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ARS Home » Plains Area » Las Cruces, New Mexico » Range Management Research » Research » Publications at this Location » Publication #133886


item Wergin, William
item Rango, Albert
item Erbe, Eric
item Pooley, Christopher

Submitted to: Scanning
Publication Type: Peer Reviewed Journal
Publication Acceptance Date: 9/1/2002
Publication Date: 9/1/2002
Citation: Wergin, W.P., Rango, A., Foster, J., Erbe, E.F., Pooley, C.D. 2002. Irregular snow crystals: Structural features as revealed by low temperature scanning electron microscopy. Scanning. 24:247-256.

Interpretive Summary: The characterization of snow crystal form is of special importance in meteorology, hydrology, avalanche warnings, and interpreting remote sensing data. Photography of the snow crystal form has been conducted since around 1900 using light microscopy. Because of limited resolution and depth-of-field, light microscopy can't be used to characterize such small snow crystals. Using a field procedure developed over several years and low temperature scanning electron microscopy, this technique is able to display a category of crystals called irregular snow crystals. Although light microscopy is not able to provide a clear picture of these crystals, low temperature scanning electron microscopy shows that most of the irregular crystals are aggregates of more than 100 asymmetrical hexagons and they can occasionally occur attached to larger crystals. Metamorphosed forms also occur in the atmosphere. The low temperature scanning electron microscope provides the only means to display these very small crystals.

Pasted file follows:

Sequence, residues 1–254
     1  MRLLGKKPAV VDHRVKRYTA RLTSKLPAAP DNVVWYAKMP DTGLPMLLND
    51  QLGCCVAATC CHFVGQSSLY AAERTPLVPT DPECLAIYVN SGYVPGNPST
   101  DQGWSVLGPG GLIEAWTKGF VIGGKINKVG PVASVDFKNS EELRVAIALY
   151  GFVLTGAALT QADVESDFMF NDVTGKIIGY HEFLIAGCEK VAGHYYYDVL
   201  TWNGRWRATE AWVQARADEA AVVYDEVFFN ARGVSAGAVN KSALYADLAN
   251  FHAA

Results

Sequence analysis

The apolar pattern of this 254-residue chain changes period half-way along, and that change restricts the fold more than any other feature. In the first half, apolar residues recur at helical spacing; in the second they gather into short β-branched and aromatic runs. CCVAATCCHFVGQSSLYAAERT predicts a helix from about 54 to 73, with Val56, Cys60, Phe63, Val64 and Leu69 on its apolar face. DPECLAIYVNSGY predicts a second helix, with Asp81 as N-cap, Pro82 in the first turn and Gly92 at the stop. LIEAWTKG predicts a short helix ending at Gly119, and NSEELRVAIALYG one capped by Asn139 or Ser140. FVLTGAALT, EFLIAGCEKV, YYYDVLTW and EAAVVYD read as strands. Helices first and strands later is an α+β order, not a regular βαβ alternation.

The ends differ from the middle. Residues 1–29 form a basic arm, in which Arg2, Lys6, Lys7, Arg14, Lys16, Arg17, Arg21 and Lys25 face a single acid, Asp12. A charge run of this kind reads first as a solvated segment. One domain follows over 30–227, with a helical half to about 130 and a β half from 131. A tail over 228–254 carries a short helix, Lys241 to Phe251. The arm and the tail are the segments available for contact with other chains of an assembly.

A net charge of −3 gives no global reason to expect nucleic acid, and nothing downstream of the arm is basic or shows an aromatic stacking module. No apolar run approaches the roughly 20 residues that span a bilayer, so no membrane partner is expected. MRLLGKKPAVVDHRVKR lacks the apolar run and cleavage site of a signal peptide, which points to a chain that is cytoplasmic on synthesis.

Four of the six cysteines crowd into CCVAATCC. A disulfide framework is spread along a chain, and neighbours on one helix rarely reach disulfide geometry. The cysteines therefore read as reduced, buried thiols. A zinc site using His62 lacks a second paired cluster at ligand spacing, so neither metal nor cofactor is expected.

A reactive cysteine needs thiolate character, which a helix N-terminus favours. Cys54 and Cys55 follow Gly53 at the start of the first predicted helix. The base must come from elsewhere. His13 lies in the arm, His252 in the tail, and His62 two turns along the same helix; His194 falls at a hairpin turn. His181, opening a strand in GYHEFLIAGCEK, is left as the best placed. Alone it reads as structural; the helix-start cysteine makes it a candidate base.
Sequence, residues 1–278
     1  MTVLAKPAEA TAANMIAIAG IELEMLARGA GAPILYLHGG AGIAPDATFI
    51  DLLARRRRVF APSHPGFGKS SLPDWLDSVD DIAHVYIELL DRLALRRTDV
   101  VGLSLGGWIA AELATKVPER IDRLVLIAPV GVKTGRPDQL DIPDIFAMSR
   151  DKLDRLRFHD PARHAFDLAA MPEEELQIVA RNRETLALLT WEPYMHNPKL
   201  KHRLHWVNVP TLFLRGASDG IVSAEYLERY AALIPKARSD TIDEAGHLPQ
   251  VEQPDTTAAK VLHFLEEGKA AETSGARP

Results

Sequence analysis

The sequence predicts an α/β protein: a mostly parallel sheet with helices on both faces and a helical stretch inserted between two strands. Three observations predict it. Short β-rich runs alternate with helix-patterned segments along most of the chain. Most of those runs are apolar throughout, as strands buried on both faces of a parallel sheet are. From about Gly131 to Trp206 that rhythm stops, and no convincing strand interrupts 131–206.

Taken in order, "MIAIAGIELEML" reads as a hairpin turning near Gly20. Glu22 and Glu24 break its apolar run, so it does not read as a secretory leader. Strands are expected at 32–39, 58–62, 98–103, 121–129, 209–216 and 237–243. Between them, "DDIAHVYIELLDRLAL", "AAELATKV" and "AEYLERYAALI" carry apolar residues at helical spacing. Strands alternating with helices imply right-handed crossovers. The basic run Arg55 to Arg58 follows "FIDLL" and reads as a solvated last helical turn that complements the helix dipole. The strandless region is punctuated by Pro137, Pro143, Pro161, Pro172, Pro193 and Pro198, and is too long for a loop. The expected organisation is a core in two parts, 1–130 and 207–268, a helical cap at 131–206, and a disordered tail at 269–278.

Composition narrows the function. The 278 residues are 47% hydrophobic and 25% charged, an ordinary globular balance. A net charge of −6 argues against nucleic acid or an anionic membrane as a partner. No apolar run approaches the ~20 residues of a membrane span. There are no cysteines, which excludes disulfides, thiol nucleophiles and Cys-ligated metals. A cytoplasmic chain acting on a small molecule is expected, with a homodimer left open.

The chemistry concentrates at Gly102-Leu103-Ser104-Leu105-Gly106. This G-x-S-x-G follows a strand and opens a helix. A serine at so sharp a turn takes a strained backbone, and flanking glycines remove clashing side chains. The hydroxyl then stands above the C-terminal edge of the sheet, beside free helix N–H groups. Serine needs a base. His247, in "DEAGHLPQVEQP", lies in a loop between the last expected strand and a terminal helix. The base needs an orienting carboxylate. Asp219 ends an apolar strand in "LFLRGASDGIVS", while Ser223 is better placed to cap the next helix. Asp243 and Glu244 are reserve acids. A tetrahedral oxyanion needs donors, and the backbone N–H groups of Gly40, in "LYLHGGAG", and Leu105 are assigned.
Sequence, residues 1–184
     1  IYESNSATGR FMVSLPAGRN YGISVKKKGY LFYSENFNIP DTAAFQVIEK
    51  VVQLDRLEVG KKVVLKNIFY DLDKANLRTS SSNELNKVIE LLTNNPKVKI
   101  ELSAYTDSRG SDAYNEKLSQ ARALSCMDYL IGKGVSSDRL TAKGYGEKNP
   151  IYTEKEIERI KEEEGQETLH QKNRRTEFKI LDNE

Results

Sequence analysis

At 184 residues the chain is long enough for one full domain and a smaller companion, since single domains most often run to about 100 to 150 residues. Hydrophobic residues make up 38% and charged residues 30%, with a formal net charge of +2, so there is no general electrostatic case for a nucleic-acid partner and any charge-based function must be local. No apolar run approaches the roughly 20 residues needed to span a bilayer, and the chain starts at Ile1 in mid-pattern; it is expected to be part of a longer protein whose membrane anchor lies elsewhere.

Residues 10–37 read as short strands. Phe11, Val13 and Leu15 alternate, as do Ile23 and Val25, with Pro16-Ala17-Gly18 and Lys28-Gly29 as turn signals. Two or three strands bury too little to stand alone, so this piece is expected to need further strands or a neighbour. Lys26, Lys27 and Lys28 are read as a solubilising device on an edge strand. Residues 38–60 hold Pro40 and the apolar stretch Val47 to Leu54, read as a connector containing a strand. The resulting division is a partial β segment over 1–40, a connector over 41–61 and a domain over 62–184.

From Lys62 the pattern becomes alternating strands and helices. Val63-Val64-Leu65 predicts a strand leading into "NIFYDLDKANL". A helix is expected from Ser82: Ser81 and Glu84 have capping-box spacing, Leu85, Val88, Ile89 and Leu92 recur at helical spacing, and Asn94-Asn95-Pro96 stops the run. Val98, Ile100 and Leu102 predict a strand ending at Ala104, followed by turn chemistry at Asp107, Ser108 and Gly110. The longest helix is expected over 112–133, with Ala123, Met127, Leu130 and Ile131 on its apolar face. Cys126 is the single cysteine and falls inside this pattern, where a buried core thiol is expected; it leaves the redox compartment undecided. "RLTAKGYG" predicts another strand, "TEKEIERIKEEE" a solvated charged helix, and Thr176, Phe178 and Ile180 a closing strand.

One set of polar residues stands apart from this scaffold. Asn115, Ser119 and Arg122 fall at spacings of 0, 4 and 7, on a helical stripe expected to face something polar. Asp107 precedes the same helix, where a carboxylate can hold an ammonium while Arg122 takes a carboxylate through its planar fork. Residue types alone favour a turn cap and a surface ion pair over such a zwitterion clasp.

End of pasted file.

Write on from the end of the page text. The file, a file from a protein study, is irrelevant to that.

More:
Technical Abstract: For nearly 50 years, investigators using light microscopy have vaguely alluded to a unique type of snow crystal known as an irregular snow crystal. However, the limited resolution and depth-of-field of the light microscope has prevented investigators from characterizing these crystals. In this study, a field-emission scanning electron microscope equipped with a cold stage was used to document the structural features, physical associations and atmospheric metamorphosis of irregular snow crystals. The crystals appear as irregular hexagons measuring 69 to 90 um across when viewed from the a-axis. Their length (c-axis) rarely exceeds the diameter. The irregular crystals are occasionally found as secondary particles on other larger forms of snow crystals; however, they most frequently occur in aggregates consisting of more than 100 irregular crystals. In the aggregates, the irregular crystals have their axes oriented parallel to one another and collectively tend to form columnar structures. Occasionally, these columnar structures exhibit rounded faces along one side, suggesting atmospheric metamorphoses during formation and descent. In extreme cases of metamorphoses, the aggregates would be difficult to distinguish from graupel. Frost, consisting of irregular crystals, has also been encountered suggesting atmospheric conditions that favor their growth can also occur terrestrially.